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Ohio State doctor explains the good and bad of pausing the Johnson & Johnson vaccine

The government recommended a pause of the single-dose vaccines on Tuesday.

COLUMBUS, Ohio — Scientists have yet to determine if the six rare cases of women who developed blood clots were the result of the Johnson & Johnson vaccine or coincidence.

All of them received the J&J vaccine but it’s unclear why they had this rare blood clot.

The government recommended a pause of the single-dose vaccines on Tuesday.

The CDC announced that they were looking into the clots in the six women between the ages of 18 and 48. One person has died.

Pausing the vaccine is something that has the medical community divided as they worry it will lead to greater hesitancy of the vaccine in the U.S. and around the world and leave more people vulnerable to be infected.

In Ohio, Chief Medical Director Dr. Bruce Vanderhoff supports the pause saying the medical community is "taking the prudent course of waiting for more data.”

Dr. Iahn Gonsenhauser, chief quality and patient safety officer at Ohio State Wexner Medical Center, said pausing the vaccine shows the public that the medical community is not cutting corners, but also says the decision may cause people to be hesitant about getting the vaccine.

“At this point for the vast majority of people, the Johnson & Johnson vaccine has been and should be safe. It is very clearly impacting people’s perspective on vaccinations," Dr. Gonsenhauser said. "It is increasing people’s hesitancy and we are seeing a consequence in people being reluctant. Our number one priority right now is getting the vaccine into as many arms as possible."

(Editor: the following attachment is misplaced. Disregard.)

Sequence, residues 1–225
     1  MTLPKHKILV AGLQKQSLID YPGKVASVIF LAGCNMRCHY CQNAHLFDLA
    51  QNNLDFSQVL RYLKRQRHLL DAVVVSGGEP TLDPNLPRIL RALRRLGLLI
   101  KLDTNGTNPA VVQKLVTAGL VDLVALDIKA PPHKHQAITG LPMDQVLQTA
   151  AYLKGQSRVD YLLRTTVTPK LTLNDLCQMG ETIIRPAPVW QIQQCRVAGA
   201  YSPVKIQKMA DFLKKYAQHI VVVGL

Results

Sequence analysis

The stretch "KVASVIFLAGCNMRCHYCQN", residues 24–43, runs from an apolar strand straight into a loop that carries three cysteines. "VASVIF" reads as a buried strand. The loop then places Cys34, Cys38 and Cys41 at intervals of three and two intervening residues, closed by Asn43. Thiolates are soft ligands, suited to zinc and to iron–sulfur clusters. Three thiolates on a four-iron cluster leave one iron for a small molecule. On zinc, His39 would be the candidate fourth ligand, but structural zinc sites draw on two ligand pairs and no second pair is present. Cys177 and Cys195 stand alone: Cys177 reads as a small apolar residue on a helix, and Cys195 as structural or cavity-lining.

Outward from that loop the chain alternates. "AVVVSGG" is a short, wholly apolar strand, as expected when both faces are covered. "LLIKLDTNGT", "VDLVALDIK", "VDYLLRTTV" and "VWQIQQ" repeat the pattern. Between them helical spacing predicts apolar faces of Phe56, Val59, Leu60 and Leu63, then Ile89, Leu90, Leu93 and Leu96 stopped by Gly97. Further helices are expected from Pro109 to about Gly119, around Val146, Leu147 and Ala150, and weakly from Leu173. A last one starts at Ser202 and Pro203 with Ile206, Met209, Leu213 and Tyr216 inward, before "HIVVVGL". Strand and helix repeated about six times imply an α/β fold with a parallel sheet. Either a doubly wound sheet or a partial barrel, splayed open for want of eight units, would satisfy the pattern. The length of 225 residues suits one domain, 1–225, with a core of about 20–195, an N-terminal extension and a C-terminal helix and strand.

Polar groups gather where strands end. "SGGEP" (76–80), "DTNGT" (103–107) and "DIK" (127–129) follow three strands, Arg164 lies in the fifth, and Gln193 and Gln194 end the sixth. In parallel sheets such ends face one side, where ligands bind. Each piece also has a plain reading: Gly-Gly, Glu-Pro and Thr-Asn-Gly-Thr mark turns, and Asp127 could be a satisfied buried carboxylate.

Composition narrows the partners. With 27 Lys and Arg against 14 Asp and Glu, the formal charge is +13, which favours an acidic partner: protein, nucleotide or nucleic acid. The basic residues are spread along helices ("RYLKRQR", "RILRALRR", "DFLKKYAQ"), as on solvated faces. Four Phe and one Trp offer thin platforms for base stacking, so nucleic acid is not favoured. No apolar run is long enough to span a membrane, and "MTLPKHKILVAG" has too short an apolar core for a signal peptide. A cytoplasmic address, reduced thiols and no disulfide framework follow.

J&J said in a statement that it was aware of the reports of blood clots, but that no link to its vaccine had been established. However, the company said late Tuesday it would delay the rollout of its vaccine in Europe and pause new vaccinations in its trials that are still underway until it can update its guidance on how to proceed.

U.S. health advisers say they will be looking for more data on the shots before they decide on the next steps for the J&J vaccine.

As of April 15, more than 4.2 million Ohioans have received at least one dose of their COVID-19 vaccine.